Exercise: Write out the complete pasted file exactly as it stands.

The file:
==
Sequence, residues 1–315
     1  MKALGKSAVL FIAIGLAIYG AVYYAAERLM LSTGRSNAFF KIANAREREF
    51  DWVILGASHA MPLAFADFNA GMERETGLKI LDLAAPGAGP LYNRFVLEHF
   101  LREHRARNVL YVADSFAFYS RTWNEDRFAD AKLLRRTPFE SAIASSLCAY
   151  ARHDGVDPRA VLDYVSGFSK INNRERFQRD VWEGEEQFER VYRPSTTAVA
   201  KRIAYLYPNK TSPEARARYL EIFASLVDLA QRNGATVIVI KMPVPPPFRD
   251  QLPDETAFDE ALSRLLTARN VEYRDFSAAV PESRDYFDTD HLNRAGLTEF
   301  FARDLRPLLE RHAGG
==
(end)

Sequence, residues 1–315
     1  MKALGKSAVL FIAIGLAIYG AVYYAAERLM LSTGRSNAFF KIANAREREF
    51  DWVILGASHA MPLAFADFNA GMERETGLKI LDLAAPGAGP LYNRFVLEHF
   101  LREHRARNVL YVADSFAFYS RTWNEDRFAD AKLLRRTPFE SAIASSLCAY
   151  ARHDGVDPRA VLDYVSGFSK INNRERFQRD VWEGEEQFER VYRPSTTAVA
   201  KRIAYLYPNK TSPEARARYL EIFASLVDLA QRNGATVIVI KMPVPPPFRD
   251  QLPDETAFDE ALSRLLTARN VEYRDFSAAV PESRDYFDTD HLNRAGLTEF
   301  FARDLRPLLE RHAGG